Turkey sets up new military post amid escalating tensions in Idlib

After enjoying a relatively peaceful period of six months, the situation in the region started changing in September, when talks between Turkish and Russian officials failed.


Turkey has set up a new military post in the village of Qoqfin, situated in a disputed area of northwestern Syria’s Idlib province, the Syrian Observatory for Human Rights (SOHR) reported on Thursday.

The war monitor observed in the early morning hours Turkish troops and armored vehicles heading towards the new post in the western part of Jabal al-Zawiya, in the southern countryside of Idlib, the last remaining rebel-held bastion.

With the latest outpost, the number of Turkish military posts in the “de-escalation zone” has risen to 69, according to the observatory.

The Turkish move came amid increased tension between rebels and the regime forces of President Bashar al-Assad. Turkey and Russia back opposing sides in Syria’s war, with Ankara supporting the rebels and Moscow backing Damascus.

Clashes around Idlib escalated in December of last year, causing a new humanitarian crisis, with many civilians perishing and more than a million uprooted from their homes.

On March 5 Turkey and Russia agreed on a ceasefire in Idlib following weeks of clashes that brought the two countries close to direct confrontation. Prior to the ceasefire, the clashes in March alone claimed the lives of more than 60 Turkish soldiers around military posts and caused the rebels’ loss of a big chunk of territory in the region.

A full and permanent ceasefire is still to be reached, with the brokered ceasefire reportedly holding “by and large” despite violations.

Russia has repeatedly accused Turkey of not fulfilling its commitments in an agreement made in Sochi to remove rebel groups in Idlib province, such as Hay’at Tahrir al-Sham (HTS), an al-Qaeda affiliated group. In response, Turkey argues that Moscow has not honored the deal by failing to stop daily shelling by the Syrian regime.

After enjoying a relatively peaceful period of six months, the situation in the region started changing in September, when talks between Turkish and Russian officials failed.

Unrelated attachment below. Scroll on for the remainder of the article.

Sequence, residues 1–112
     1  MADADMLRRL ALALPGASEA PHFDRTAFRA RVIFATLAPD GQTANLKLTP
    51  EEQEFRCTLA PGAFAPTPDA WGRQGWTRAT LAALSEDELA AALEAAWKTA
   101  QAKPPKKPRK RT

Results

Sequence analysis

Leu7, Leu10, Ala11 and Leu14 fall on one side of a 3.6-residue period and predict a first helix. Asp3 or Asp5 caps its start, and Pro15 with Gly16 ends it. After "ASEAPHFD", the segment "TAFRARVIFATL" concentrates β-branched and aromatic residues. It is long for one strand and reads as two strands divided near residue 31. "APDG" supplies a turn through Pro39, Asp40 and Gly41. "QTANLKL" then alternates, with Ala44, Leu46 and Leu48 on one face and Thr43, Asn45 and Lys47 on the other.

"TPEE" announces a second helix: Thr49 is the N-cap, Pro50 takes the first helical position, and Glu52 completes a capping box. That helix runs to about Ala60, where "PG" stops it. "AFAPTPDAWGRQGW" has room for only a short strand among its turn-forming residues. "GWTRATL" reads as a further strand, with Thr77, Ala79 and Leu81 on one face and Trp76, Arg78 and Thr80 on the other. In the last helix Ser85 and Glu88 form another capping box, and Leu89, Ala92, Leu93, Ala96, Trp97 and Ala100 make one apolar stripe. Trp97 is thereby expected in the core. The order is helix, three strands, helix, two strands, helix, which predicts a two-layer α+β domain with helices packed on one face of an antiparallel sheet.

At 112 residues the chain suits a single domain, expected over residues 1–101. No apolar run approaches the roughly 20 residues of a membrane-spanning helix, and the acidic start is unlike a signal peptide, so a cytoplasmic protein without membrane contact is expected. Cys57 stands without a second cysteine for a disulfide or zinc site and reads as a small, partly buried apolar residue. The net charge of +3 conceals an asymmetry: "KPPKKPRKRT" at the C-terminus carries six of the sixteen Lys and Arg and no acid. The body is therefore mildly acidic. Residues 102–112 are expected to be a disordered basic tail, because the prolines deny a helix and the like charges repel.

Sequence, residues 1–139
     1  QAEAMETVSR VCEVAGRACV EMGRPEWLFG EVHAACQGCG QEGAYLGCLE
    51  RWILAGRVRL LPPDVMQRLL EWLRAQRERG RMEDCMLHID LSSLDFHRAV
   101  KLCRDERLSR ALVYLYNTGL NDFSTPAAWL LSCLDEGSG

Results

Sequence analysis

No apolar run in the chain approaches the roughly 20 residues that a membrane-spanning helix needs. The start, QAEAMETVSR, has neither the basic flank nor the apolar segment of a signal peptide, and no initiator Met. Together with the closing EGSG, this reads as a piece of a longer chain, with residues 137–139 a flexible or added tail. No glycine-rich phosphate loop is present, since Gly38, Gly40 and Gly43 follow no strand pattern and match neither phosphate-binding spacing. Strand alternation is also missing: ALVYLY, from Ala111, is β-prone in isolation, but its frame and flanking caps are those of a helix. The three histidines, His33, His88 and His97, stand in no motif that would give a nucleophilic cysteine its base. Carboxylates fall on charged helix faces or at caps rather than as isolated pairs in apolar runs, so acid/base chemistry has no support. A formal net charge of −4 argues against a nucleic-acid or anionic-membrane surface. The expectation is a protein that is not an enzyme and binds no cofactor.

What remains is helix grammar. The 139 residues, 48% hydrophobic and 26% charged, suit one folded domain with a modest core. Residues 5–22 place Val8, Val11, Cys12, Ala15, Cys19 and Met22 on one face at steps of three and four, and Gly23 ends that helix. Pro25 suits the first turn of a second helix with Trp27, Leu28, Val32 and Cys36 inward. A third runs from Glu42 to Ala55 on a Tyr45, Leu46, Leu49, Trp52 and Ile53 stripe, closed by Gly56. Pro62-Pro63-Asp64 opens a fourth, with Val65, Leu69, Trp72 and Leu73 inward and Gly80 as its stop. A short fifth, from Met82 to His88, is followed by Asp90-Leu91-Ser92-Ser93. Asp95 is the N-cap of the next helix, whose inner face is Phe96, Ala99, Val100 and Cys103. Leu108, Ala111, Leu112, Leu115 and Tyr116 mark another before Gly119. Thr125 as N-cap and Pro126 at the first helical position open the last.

Since then, bombardments by the forces of Bashar al-Assad have become routine. Experts have raised concerns about new clashes in October in Jabal al-Zawiya, where Turkey has set up the new post and deployed forces.

Qoqfin is crucial for the defense of Idlib, where the Syrian regime has repeatedly tried to advance and take control.

The joint Russian-Turkish military patrols on the strategic M4 highway have also been suspended for security reasons because the joint patrols came under fire by the Khattab al-Shishani Battalions, a new and opaque militant group. Russia holds Turkey responsible for the attacks as it has not handed over the territory below the M4 to al-Assad control.

If Ankara were to clear the area surrounding the highway of the Khatab al-Shishani Battalions, Russia would not have a pretext to launch a military operation in Idlib, Suhail al-Ghazi, a non-resident fellow at the Tahrir Institute, told Middle East Eye in September.

The Russian side recently accused the Turkey-backed militia of being in preparations for a chemical attack in the region. Russians claimed that jihadists and the Syrian White Helmets were planning the attack in the village of Sfuhon in order to later blame the Russian-Syrian side for it.

White Helmets are a Syrian volunteer emergency response group, officially known as Syria Civil Defence (SCD), whose activities include medical evacuation and urban search and rescue in response to bombing, evacuation of civilians from danger areas and essential services delivery. However, the group is accused by Russia and Syria of links to terrorist activities.

According to a May 2020 report by Amnesty International, the Syrian-Russian offensive since April 2019 has resulted in violations of the laws of war, apparently amounting to war crimes and even to crimes against humanity, as it caused harm to civilians and civilian infrastructure, such as hospitals, schools and markets.

Nearly a million displaced people have sought shelter in some 200 overcrowded camps near the Turkish border with little access to humanitarian services. In fear of a fresh wave of migrants, Turkey has closed its border to Syria’s Idlib province, where thousands are attempting to flee the fighting.

Source: Turkish Minute


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